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How a Child’s Behavior is Impacted by Their Parent’s Social Skills

If children generally act the way they’re taught to act (through both observation and active learning), then what happens when the person teaching them has never learned socially appropriate ways to behavior?

Deductive reasoning would tell us that the child would also think it was “normal” to act in socially inappropriate ways.

As a society, we readily acknowledge this correlation when it comes to how a student performs academically in school, but we tend to overlook it when it comes to how a student behaves socially in school. We understand that if a parent uses improper grammar and think that academics are stupid, then (odds are) the child will also use improper grammar and have a negative view of academics.

However, when we come across a child whose natural speaking voice is a yell, or whose means of disagreeing is arguing, or whose way of getting what they want is manipulating … we don’t always attribute those things to how they were raised.

We usually see their social/emotional behavior as autonomous. Or rather, we see them as a choice, rather than a pattern of learned actions.

There’s a student at my school right now (I’m a behavior specialist at an elementary school) who is regularly described to me as “rude,” “argumentative,” “disrespectful,” “irrational,” or “immature.” He yells a lot, he gets mad when he doesn’t get his way, he calls teachers out for things that most children would never dare speak out loud, and his voice is SO LOUD, even when he’s whispering.

Generally speaking, those behaviors would equate to being rude, argumentative, disrespectful, irrational, or immature. However, those words reflect a person who is intentionally focusing only on themselves instead of considering of other people, as well. And when you’re talking about a six-year-old, of course he’s only thinking of himself.

For one, he’s six years old. He’s only just begun to even see that other people are in the room.

For two, nothing a six-year-old does is intentionally malicious. They might be seeking an end goal, and they might be willing to make someone else feel bad in order to get what they want, but it isn’t because they WANT the other person to hurt. It’s just because they want to get to their end goal more than they want to protect the other person.

Because at six years old, the desire to protect other people and place them above oneself hasn’t yet formed in most people.

Furthermore, this particular child was raised by someone who shouts as a form of speaking. His mother is loud, abrasive, blunt, and crass. She doesn’t behave in any of those ways to offend people; it’s just the way she has learned how to get what she needs. She’s more rational and selfless than her son, but she’s also had 20-30 more years to work on her social skills than he has.

However, he still hears shouting every day. He still sees people speak whatever is on their mind without considering how it might affect the person they’re talking to (or the little ears that are listening). He has a plethora of father figures who’ve come and gone in his life, and all of those have been abrasive.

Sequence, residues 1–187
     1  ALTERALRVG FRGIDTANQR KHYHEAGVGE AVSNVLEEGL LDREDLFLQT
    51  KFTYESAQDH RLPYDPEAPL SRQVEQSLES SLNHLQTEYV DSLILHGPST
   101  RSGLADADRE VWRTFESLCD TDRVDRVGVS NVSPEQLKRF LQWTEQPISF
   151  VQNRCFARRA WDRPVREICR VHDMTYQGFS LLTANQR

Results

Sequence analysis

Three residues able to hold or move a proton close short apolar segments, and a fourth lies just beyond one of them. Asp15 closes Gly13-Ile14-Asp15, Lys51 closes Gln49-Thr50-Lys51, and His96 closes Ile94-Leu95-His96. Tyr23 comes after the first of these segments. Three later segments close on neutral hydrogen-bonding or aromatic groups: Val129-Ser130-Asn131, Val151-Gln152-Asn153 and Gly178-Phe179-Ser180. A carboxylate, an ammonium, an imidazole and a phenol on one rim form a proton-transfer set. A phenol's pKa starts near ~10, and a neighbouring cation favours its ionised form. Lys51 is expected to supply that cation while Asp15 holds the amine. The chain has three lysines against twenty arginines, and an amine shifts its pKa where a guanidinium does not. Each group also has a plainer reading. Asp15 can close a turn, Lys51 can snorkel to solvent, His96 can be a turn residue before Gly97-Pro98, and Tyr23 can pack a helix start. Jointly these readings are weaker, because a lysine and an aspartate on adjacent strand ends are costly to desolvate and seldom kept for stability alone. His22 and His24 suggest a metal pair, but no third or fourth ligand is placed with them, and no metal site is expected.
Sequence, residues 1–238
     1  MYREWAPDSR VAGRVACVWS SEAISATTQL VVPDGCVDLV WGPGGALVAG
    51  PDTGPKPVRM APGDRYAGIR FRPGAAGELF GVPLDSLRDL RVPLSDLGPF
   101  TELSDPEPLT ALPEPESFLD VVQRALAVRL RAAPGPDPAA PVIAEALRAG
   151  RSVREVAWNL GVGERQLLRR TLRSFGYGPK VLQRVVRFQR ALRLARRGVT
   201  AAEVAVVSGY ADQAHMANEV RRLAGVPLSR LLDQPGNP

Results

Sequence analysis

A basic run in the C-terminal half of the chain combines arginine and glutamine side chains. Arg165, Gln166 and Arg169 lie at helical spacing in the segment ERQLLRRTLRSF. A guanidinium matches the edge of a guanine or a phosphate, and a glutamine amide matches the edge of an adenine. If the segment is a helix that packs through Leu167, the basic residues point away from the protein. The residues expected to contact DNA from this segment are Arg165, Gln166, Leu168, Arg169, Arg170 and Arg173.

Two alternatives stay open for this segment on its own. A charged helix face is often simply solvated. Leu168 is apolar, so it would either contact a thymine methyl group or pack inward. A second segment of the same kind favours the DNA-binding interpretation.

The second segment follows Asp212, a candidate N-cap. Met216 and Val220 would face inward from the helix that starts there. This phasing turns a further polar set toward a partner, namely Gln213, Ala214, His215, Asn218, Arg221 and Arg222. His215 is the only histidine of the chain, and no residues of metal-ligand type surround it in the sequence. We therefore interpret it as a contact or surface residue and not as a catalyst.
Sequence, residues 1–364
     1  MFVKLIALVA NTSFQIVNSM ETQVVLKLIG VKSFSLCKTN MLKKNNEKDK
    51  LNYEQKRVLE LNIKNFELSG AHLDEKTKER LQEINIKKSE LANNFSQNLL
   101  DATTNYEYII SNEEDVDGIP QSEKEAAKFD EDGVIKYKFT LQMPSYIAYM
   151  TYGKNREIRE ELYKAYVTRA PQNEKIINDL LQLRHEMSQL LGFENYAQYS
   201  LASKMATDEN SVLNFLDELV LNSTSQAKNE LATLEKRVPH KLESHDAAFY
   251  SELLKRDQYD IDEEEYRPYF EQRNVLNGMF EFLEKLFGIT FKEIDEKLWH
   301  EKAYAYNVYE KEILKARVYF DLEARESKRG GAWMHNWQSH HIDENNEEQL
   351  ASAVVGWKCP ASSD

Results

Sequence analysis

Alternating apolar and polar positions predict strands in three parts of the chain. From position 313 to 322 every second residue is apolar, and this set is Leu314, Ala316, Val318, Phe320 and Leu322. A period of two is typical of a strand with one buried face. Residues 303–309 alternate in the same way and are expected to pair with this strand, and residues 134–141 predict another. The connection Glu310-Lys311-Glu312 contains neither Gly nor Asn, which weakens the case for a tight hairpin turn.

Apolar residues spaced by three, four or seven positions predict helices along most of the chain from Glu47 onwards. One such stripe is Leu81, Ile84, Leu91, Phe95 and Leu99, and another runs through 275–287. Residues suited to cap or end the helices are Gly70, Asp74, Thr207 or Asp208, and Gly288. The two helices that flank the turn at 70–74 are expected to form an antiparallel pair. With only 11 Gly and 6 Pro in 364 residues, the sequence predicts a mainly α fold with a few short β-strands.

When you see him in the hallway and the first thing you say to him is, “You’re being really loud,” do you expect him to respond with anything other than “disrespect?” That’s all he knows.

To take his response offensively would be egocentric and irrational. When adults become offended by the behavior of a small child, it makes me wonder where their self esteem truly comes from. Are they only validated by affirmation received by tiny humans who still pick their noses and forget to pull their dresses out of their underwear after they use the bathroom?

Come on, y’all.

Regardless of the child we’re discussing, a child should never be allowed to personally offend you. They are nothing more than an accumulation of what they’ve been taught throughout their years, and YOU choose what you allow to offend you.

It doesn’t matter how many times an adult (besides mom/dad) shows a child how to behave appropriately in society, they almost always return to what they learn from their parents because that’s what is most reinforcing to them. It’s what they learned from before they left the womb.

They can see alternative behavior for decades before they learn that it’s worthwhile.

When you’re working with a student, or watching a child in the grocery store, or seeing a teenager on the news … consider how much of what you’re seeing is reflective of their heart. Probably not much.

Don’t make assumptions about a child’s intentions, motivations, or character based on behaviors that mimick their parents’ behavior, which will most likely change throughout their adulthood.

Be kind to the people around you. Understand that they might still be learning new skills, even in adulthood.

Instead of judging them or being offended by them, offer them another example, reinforcing positive behavior ONE MORE TIME, without expecting immediate results. After all, just as children are a reflection of how their parents have raised them, our society is also a reflection of how its members have raised it.

How a Child’s Behavior is Impacted by Their Parent’s Social Skills

W. R. Cummings


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APA Reference
Cummings, W. (2018). How a Child’s Behavior is Impacted by Their Parent’s Social Skills. Psych Central. Retrieved on September 19, 2018, from https://blogs.psychcentral.com/childhood-behavioral/2018/02/how-a-childs-behavior-is-impacted-by-their-parents-social-skills/

 

Last updated: 15 Feb 2018
Last reviewed: By John M. Grohol, Psy.D. on 15 Feb 2018
Published on PsychCentral.com. All rights reserved.